A surprise decision by North Korea to redenominate its currency has sparked panic among many North Koreans who find themselves suddenly left with piles of worthless bills, activists have said.
At least one couple was driven to suicide by the switch after finding their savings wiped out, the Daily NK, a South Korea-based online news service, reported.
North Korea announced on Monday that it was redenominating its currency, the won, giving already-impoverished residents less than a week to change a limited number of old bills into new ones.
According to one group, citing sources inside North Korea, authorities have threatened "merciless punishment" for anyone violating the rules of the currency exchange.
North Koreans are reportedly entitled to change up to 150,000 old won to new won, at a rate of 100 to 1.
Under current black market rates, 150,000 won is worth about $60.
Cash in excess of the allowed amount has to be saved in government-run banks, South Korean media said, although it was not clear whether residents would be able to change that money as well into new bills.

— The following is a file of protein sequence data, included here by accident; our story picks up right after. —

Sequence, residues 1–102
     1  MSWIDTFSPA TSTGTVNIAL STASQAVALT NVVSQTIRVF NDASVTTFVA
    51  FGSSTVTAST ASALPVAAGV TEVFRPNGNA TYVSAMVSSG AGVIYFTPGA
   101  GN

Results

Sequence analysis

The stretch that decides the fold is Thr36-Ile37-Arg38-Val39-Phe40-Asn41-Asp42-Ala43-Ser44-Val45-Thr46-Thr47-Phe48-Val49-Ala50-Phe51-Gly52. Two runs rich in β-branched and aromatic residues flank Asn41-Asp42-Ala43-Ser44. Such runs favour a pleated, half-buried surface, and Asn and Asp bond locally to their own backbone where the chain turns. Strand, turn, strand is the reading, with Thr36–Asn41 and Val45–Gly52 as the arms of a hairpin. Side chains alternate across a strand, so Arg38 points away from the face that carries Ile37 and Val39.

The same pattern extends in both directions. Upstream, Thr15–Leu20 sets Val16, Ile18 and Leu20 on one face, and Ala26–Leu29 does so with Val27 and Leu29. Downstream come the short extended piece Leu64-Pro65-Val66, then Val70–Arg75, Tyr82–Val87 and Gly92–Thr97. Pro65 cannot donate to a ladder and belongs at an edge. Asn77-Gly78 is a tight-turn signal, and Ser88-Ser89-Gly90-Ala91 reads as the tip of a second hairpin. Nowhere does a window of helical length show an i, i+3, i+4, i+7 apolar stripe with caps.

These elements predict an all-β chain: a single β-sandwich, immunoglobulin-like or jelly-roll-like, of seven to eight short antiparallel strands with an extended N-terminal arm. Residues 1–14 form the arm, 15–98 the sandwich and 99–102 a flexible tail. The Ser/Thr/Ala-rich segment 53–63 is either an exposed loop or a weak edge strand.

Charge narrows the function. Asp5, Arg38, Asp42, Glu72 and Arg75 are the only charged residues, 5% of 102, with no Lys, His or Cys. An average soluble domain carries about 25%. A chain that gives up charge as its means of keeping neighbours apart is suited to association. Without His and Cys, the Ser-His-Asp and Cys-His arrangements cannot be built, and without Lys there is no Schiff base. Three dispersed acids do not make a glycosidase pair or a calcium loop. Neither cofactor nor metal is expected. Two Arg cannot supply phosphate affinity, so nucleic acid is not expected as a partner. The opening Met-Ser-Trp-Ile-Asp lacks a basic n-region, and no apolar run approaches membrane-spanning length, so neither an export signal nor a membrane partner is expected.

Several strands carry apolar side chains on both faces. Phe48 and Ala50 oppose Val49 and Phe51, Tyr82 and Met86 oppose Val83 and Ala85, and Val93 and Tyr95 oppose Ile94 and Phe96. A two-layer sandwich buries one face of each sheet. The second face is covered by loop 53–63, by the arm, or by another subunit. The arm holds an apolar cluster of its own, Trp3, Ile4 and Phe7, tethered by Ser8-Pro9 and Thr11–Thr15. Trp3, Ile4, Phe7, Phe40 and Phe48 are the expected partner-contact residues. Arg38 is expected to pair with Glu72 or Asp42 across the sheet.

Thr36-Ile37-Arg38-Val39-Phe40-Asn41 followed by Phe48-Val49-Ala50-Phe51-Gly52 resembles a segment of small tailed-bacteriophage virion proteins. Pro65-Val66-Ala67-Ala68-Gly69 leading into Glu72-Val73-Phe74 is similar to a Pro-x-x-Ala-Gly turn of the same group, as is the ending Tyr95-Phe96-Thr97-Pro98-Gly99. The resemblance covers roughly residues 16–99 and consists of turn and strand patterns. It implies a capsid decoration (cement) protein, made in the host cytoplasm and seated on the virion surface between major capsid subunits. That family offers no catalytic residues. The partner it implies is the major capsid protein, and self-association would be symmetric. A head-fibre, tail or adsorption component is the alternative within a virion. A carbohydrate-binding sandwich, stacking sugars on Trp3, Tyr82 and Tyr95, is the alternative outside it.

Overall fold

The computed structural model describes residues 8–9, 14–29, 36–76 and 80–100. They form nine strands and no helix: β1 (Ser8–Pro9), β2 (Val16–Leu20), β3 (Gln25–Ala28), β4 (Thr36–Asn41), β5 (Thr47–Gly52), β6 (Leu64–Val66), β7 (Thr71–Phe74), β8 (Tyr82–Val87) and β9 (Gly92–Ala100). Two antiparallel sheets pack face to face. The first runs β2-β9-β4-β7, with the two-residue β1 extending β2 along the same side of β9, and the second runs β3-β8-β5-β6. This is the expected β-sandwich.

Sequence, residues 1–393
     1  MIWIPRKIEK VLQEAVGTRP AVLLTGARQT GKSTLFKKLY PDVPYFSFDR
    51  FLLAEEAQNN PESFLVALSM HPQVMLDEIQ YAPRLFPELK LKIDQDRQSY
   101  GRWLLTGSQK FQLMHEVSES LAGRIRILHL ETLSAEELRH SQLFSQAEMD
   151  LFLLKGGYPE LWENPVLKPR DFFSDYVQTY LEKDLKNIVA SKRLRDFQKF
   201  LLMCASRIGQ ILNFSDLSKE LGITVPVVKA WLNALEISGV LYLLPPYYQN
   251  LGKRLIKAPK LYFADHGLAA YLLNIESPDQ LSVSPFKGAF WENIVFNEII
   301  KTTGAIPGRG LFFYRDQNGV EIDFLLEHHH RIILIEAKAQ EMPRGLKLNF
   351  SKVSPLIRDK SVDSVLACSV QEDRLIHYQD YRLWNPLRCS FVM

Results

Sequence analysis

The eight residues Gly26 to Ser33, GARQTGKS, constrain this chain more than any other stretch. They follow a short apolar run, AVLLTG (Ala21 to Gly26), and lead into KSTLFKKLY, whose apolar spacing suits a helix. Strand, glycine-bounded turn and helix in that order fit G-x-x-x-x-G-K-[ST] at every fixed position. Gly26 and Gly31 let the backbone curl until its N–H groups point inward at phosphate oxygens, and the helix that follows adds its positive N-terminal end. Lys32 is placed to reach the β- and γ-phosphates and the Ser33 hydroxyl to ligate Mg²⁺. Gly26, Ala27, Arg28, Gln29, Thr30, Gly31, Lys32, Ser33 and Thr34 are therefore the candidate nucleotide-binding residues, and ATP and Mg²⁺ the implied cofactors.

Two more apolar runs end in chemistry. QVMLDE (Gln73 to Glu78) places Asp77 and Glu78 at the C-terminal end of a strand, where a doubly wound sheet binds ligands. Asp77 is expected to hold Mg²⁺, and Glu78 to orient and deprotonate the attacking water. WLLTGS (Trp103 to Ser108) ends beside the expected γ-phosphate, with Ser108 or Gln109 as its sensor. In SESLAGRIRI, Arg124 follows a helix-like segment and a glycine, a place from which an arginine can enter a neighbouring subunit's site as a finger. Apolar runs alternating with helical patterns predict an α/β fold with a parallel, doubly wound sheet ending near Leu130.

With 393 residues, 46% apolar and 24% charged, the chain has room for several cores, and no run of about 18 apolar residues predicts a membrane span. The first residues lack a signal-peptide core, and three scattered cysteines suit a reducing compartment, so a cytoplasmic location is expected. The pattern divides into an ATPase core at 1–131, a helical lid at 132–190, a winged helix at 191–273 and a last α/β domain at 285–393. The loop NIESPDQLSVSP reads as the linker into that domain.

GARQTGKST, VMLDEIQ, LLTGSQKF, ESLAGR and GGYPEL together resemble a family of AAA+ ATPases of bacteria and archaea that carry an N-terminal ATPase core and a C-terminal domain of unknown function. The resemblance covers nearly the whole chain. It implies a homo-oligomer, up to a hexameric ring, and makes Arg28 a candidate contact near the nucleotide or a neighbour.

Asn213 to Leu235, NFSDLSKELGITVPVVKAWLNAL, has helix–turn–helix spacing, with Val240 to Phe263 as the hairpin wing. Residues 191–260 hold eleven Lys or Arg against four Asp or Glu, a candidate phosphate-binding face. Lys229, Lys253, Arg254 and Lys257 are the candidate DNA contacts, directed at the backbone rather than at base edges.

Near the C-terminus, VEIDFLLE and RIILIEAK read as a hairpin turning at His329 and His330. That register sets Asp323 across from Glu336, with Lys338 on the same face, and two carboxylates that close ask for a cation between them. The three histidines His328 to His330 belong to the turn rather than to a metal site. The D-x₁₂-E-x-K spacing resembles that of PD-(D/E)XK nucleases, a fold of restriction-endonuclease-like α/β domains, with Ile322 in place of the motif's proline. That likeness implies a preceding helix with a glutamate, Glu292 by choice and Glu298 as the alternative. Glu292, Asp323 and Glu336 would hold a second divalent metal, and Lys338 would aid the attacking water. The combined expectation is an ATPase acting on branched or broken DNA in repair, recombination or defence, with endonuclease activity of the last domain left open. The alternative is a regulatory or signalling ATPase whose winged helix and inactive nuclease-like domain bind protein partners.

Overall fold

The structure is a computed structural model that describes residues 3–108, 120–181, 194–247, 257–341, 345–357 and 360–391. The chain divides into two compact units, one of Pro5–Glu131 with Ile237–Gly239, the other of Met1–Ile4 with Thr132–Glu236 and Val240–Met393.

According to South Korea's Yonhap news agency, the surprise announcement sent many North Koreans rushing to the black market to convert hoarded bills into US dollars and Chinese yuan.
|The switch is thought to be part of a crackdown on unregulated private markets [Reuters]
Shops, restaurants and other businesses have closed while the switch is taking place.
Groups in South Korea with contacts in the North say the move has hit private market traders with large hoards of the old currency particularly hard.
In one case guards blocked the entrance to a bank in the city of Hoeryong after a stampede of people trying to offload old banknotes, the Seoul-based Network for North Korean Democracy and Human Rights said, citing unidentified sources.
Analysts have said the surprise switch appears to be part of a government crackdown on private markets, which have become an essential part of the food-supply system in aid-dependent North Korea.
The markets, which have gradually emerged across North Korea in recent years, have become a profitable business for some traders.
But their growth outside of government controls is believed to have unnerved authorities.
Faced with mounting food shortages, rigidly-controlled North Korea began allowing some private markets including farmers' markets to begin trading in 2002.
The markets have encouraged trade and boosted the supply of food, but they also become a source for banned goods such as films and soap operas from South Korea, which the government sees as a threat to its rule, analysts say.
North Korea's largest wholesale market, in the capital Pyongyang, was reportedly closed in mid-June.